Measuring the height of the fishing line and its effect on shrimp catch and bycatch in an ocean shrimp (Pandalus jordani) trawl

  • Published source details Hannah R.W. & Jones S.A. (2003) Measuring the height of the fishing line and its effect on shrimp catch and bycatch in an ocean shrimp (Pandalus jordani) trawl. Fisheries Research, 60, 427-438.


This study is summarised as evidence for the following.

Action Category

Modify the design or configuration of trawl gear (mixed measures)

Action Link
Marine Fish Conservation
  1. Modify the design or configuration of trawl gear (mixed measures)

    A replicated, paired, controlled study of an area of seabed in the Pacific Ocean off the coast of Oregon, USA (Hannah & Jones 2003) found that modifications to the configuration of a shrimp trawl (to alter the height of the fishing line/footrope) resulted in reduced catches of unwanted small flatfish (Pleuronectiformes) and immature rockfish Sebastes spp. with increasing height of the fishing line. Catches of flatfish and rockfish between trawls with the same or higher fishing line height relative to the standard, were lower for two of two modified configurations (higher: 2–64 fish, standard: 4–81 fish). Conversely, catch numbers of both flatfish and rockfish increased in two of three trawl configurations with lower fishing line heights relative to the standard height (lower: 31–147 fish, standard: 2–50 fish), but were not significantly different in the other (lower height: 4–285 fish, standard height: 5–156 fish). Data were collected from 26 paired trawl deployments on a twin-rigged (dual net) commercial shrimp vessel fishing out of Newport. One side of the trawl was fished with a ‘standard’ configuration in which the central ‘drop’ chains between the fishing line and groundline were shortened to 51 cm. Four different configurations of drop chains were tested against the standard, each either increasing or decreasing the height of the fishing line (see original paper for full gear specifications). Five sets of comparative hauls were carried out (4–6 of each comparison). Codend catches were weighed and counted by species. The study does not report when the sampling took place.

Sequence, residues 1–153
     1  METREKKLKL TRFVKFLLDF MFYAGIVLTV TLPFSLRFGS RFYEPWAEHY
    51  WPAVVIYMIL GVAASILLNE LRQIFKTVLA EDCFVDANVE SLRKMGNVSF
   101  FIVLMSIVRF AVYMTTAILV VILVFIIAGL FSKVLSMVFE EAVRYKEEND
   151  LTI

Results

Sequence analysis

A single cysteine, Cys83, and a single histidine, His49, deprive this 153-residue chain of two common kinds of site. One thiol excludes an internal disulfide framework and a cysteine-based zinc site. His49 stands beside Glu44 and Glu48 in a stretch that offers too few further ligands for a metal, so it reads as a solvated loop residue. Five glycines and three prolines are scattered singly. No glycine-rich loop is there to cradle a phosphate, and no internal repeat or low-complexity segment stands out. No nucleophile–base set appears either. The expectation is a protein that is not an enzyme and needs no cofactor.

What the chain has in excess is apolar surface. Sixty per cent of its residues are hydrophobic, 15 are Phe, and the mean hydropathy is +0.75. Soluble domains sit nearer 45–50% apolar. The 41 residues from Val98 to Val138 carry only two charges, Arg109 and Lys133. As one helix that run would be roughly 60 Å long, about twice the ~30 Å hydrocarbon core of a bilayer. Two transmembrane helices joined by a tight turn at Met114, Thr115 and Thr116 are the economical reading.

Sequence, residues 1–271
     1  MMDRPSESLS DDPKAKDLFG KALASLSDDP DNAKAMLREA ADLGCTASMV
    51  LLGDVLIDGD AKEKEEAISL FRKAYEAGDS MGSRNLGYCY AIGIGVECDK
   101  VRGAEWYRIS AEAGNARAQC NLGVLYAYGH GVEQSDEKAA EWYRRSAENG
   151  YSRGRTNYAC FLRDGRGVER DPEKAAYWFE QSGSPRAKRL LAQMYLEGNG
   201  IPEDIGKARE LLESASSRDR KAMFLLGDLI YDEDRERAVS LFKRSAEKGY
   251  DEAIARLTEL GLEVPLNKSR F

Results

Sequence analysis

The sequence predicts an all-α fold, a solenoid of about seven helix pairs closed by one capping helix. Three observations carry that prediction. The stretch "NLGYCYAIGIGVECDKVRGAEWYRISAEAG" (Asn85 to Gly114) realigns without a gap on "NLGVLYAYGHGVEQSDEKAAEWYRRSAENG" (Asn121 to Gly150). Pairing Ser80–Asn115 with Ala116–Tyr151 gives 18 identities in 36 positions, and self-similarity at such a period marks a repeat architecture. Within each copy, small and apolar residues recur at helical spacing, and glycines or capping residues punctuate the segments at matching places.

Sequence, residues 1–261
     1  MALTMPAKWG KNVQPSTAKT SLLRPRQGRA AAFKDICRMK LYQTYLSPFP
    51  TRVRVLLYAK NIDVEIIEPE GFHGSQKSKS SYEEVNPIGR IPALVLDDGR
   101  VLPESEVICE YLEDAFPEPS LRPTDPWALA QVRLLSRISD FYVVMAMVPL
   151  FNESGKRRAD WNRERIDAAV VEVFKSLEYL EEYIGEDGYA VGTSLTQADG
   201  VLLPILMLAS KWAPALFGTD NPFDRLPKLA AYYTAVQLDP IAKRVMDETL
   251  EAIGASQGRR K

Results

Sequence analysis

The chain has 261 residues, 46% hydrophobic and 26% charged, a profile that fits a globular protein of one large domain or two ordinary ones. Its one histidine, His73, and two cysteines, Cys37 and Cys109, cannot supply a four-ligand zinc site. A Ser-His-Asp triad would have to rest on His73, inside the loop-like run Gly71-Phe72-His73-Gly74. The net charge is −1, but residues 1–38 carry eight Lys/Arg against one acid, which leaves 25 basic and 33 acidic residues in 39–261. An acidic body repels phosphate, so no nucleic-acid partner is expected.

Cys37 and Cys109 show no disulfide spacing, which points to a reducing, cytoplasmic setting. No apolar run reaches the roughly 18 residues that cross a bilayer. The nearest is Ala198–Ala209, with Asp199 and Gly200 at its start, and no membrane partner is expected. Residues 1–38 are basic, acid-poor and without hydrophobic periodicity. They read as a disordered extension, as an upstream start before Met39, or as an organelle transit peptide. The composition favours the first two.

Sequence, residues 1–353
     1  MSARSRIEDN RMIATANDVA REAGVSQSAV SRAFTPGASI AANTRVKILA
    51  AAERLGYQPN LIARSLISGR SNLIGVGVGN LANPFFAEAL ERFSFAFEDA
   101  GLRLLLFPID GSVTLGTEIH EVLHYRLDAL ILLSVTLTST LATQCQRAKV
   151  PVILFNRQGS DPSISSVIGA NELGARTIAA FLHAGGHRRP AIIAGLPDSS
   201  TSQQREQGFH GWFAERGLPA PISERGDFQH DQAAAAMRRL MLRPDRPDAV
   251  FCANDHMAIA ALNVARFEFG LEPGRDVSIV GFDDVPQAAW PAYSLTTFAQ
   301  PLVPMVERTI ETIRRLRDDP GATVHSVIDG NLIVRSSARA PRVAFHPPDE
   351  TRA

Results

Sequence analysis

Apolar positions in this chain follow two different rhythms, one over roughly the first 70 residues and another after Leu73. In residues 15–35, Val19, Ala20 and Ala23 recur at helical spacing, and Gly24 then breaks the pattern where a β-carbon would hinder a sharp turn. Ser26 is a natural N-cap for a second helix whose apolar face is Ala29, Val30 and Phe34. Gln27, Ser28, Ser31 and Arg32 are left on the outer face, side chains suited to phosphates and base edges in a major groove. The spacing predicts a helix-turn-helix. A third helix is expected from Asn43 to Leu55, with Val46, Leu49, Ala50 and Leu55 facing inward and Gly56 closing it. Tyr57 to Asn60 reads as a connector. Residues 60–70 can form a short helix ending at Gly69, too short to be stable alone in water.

(Summarised by: Natasha Taylor)

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